• about 250cm3 of corn oil (1cm3 is the same as 1ml)
  • plastic drinking straw
  • wooden clothes peg
  • small sealable plastic bag
  • measuring jug
  • wooden spoon
  • 2 dessert spoons
  • teaspoon
  • paper tissues

What to do:

The first step is to produce a crude extract of tea from which impure caffeine can be isolated. For this, we need to choose an appropriate solvent. Given what you know about tea, what solvent do you think would be a suitable choice?

Since the drink is made by adding boiling water to tea leaves, water would seem to be the answer.

Boiling water is unlikely to extract only the caffeine though; other compounds will be extracted too. We’ll need to separate the caffeine from these other compounds at a later stage.

  1. In a small saucepan, boil 200cm3 (about 6 fl. oz) of water. To the boiled water add 5 tea bags. (You need about 20g of tea leaves, so check the packet to see exactly how many bags you need.) Continue to boil gently, occasionally stirring and prodding the bags with a wooden spoon. After 10 minutes, take the saucepan from the heat and carefully remove the tea bags, squeezing them between two dessert spoons as you do so.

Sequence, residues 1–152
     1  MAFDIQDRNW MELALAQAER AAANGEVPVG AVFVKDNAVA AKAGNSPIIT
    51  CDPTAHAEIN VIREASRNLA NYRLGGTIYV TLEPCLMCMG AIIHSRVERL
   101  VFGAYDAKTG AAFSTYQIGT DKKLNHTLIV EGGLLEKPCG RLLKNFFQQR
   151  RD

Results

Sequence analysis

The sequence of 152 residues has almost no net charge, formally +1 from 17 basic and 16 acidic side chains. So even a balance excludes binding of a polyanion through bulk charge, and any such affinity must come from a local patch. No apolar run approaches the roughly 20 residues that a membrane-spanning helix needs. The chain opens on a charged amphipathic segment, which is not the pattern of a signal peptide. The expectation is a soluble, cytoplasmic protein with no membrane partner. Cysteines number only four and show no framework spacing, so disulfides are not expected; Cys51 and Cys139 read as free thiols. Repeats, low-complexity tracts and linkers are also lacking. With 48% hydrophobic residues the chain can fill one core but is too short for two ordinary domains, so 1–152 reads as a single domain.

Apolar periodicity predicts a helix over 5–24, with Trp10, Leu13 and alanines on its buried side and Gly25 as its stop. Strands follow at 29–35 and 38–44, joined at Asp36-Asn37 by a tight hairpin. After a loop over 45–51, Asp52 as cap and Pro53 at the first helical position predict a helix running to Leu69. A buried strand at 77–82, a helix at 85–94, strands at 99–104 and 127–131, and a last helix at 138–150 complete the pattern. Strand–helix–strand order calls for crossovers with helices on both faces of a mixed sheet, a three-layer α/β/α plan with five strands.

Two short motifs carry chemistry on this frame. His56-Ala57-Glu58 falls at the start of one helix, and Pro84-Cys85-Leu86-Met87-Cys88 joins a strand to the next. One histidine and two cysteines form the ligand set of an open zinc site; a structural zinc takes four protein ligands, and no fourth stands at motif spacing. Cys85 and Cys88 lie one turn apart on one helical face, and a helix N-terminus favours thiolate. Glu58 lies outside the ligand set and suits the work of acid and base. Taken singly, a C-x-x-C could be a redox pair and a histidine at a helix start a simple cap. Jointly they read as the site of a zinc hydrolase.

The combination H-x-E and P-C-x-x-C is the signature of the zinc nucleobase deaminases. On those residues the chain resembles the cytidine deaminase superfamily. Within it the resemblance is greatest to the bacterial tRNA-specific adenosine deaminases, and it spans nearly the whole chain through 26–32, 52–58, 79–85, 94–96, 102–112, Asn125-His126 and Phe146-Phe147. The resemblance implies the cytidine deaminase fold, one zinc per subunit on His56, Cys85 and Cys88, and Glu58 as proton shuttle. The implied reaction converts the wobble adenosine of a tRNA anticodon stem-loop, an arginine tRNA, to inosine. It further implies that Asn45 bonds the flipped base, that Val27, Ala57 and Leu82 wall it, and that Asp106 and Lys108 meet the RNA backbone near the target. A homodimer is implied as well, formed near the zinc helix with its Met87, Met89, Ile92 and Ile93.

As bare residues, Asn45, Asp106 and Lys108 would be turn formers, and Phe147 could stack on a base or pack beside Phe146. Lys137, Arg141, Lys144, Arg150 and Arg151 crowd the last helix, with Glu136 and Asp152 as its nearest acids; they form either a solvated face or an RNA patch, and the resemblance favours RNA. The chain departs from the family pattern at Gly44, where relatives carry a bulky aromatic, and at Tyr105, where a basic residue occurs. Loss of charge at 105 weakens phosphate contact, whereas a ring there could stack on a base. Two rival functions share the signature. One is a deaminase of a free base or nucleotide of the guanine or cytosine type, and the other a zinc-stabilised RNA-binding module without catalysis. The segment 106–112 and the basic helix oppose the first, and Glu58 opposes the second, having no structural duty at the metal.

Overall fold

Tea leaves contain lots of acidic components called tannins, from which we need to separate the caffeine, which is a neutral compound. We do this by converting these acidic components into non-volatile compounds by adding a base – in this case, sodium carbonate.
  2. Add about 10g, or two tsp., of sodium carbonate to your aqueous tea extract. You should notice a distinct fizzing when you add the first of the sodium carbonate, as it reacts with the acidic tannins to release carbon dioxide gas. Simmer the solution for 5 minutes and then boil most of the water off.